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National Maritime Museum
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National Maritime Museum Small Group Tour in Greenwich
Ranked #151 of 1,765 things to do in London
Certificate of Excellence
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Attraction details
Recommended length of visit: 2-3 hours
Owner description: Experience the world's largest maritime museum, filled with inspirational stories of exploration and endeavour at sea and packed to the gunwales with intriguing objects and fascinating galleries. See the uniform Nelson wore at the Battle of Trafalgar, steer a ship into port and fire at pesky pirates.
Useful Information: Stroller parking, Activities for older children, Activities for young children
Reviewed July 20, 2012

Excellent museum. Didn't have the time to see everything as I got totally engrossed in the cartography, models and regalia. I think it is the world's largest maritime museum. There is also a multi media exhibit tracing Britain's seaborne life from the 16th century, with sound, video and a 30m wall of objects

Thank Patriciazu
This review is the subjective opinion of a TripAdvisor member and not of TripAdvisor LLC.
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1,254 - 1,258 of 1,578 reviews

Reviewed July 19, 2012

This is a full on day starting in Greenwich Park (with The Observatory if desired) then a walk down to The National Maritime Museum. To get the best out of visiting this fine facility ,a little planning is required. Seperate to the main collections there are various individual exhibitions ,currently The Royal River is not to be missed. There is an excellent Cafeteria serving good ,wholesome food and then you may wander along the quay and visit The Cutty Sark.

1  Thank John W
This review is the subjective opinion of a TripAdvisor member and not of TripAdvisor LLC.
Reviewed July 15, 2012 via mobile

Went once and dont think I will do it again. Nelson's section was the only one I enjoyed most but other than that, nothing important.

Thank AhmedFadel
This review is the subjective opinion of an individual traveler and not of TripAdvisor LLC nor of its partners.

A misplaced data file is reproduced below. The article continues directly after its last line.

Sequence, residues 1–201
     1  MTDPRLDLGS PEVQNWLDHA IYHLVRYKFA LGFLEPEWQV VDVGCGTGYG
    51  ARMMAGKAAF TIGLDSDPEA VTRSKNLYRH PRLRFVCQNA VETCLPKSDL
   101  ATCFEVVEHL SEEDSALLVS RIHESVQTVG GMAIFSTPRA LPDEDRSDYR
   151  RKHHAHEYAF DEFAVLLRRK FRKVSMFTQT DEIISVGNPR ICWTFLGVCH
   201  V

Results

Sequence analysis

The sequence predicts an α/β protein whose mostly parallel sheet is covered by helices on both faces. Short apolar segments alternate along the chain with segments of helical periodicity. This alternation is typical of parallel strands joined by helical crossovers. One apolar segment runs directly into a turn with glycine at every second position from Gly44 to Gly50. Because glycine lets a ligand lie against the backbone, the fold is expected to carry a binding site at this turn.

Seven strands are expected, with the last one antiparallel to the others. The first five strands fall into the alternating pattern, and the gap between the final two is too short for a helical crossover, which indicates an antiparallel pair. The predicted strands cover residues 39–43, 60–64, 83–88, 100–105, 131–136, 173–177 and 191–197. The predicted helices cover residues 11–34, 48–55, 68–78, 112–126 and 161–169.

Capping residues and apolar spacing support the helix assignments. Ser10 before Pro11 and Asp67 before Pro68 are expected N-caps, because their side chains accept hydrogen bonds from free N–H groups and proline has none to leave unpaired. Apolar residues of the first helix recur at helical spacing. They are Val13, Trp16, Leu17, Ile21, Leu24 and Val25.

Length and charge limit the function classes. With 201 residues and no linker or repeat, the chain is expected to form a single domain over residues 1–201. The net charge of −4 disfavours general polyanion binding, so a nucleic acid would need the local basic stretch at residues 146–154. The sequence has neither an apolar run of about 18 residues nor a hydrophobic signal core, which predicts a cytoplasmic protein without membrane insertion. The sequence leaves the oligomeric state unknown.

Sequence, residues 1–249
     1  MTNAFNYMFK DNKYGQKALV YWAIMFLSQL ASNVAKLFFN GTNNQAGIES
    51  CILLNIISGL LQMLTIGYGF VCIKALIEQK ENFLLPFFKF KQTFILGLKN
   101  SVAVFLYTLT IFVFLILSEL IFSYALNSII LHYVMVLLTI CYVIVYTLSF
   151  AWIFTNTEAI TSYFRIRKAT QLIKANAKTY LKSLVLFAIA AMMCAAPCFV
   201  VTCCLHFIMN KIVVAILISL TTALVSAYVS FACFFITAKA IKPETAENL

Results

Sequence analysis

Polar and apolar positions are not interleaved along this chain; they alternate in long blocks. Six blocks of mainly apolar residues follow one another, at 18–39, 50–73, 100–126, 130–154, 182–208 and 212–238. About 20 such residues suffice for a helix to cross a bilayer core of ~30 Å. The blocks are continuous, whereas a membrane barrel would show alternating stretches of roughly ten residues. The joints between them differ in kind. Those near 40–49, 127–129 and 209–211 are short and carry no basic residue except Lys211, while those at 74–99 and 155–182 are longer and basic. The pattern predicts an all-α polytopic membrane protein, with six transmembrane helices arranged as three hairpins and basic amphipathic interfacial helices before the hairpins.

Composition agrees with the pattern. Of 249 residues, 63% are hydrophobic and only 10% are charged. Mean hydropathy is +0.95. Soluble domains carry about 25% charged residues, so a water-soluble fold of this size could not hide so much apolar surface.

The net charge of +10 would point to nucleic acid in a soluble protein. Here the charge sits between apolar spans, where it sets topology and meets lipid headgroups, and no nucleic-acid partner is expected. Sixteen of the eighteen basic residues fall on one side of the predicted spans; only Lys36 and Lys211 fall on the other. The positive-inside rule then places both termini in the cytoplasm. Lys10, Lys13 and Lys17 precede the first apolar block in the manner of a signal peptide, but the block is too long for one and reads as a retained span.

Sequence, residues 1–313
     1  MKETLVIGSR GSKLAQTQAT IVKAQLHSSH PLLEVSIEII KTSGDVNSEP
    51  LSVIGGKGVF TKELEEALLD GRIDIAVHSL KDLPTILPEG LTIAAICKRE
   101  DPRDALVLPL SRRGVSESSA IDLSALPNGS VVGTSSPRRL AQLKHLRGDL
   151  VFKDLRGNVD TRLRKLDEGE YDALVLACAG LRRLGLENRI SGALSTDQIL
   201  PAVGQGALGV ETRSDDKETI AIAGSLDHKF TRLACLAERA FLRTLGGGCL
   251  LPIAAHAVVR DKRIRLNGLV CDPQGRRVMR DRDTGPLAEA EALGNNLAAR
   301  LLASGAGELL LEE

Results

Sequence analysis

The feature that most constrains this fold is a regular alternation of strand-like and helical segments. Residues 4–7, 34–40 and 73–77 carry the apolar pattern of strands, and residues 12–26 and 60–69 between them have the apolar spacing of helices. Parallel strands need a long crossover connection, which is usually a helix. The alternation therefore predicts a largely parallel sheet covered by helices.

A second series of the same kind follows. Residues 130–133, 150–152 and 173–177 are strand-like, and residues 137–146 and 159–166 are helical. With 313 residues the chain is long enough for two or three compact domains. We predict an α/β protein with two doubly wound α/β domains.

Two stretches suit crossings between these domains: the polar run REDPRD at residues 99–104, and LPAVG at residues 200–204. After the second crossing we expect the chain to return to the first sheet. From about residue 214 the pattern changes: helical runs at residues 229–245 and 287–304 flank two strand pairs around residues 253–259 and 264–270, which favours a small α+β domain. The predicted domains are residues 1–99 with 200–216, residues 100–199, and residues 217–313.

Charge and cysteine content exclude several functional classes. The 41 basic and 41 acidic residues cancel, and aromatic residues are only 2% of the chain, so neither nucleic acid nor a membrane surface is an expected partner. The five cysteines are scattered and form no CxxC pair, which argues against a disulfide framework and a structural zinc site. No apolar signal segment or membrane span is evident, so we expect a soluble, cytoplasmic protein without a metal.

Reviewed July 10, 2012

We came to look around the NMM as it was one of the last of the large London museums we had yet to visit.

We arrived with high expectations as the exhibition 'Royal River' had been well reviewed. instead, we thought this was mainly a cobbled-together collection of various bits and pieces, arranged in such a way as to defy a logical and sequential walk around.

It transpired that this was a prelude to the actual museum itself. There were no instructions as to where to enter a room to follow its historical journey, so that we found ourselves walking though the age of exploration beginning at the Shackleton end and winding up with the earliest travellers. Another room led to a collection of ship models, and in another there was a collection illustrating what you would see in the rest of the museum!

I was looking forward to this, and sadly won't be visiting again.

Thank PeterinUK
This review is the subjective opinion of a TripAdvisor member and not of TripAdvisor LLC.
Reviewed July 10, 2012

My last visit to the museum was some years ago when it was housed in the old building, since when the museum has been extended and changed into a minimalist display of disjointed exhibits with very poor signage and maps. In contrast to my last trip where I spent a whole afternoon enjoying myself, an hour or two was ample tp take it what there was.
The biggest disappointment were two entire galleries devoted to the awful slave trade and opium wars. Yes, they needed space here, but has the British sense of fair play and political correctness gone too far. Don't get me wrong, what was done in the past to enable Britain to become the great trading power it once was, must be discussed and explained to visitors, but two entire galleries in a rather small museum-come on. I felt that beating ourselves up over our past was at the expense of great British seafarers. For example, there is hardly room for the great James Cook, possibly the greatest navigator the world has seen, nor much of a mention of the great British shipbuilders that made Britain what it is today. I wonder if other national museums play down their relevant country's achievements as much as the NMM does?
On a bright side, it's easy to recover from such a deflating experience by enjoying a very good, albeit pricey, restaurant.

2  Thank ManfromBOE
This review is the subjective opinion of a TripAdvisor member and not of TripAdvisor LLC.

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